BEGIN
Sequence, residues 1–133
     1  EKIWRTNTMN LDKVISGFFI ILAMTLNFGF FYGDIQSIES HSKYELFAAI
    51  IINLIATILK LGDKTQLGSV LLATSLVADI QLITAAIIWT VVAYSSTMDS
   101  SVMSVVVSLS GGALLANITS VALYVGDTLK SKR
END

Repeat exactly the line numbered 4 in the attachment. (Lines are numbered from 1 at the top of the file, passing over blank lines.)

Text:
   101  SVMSVVVSLS GGALLANITS VALYVGDTLK SKR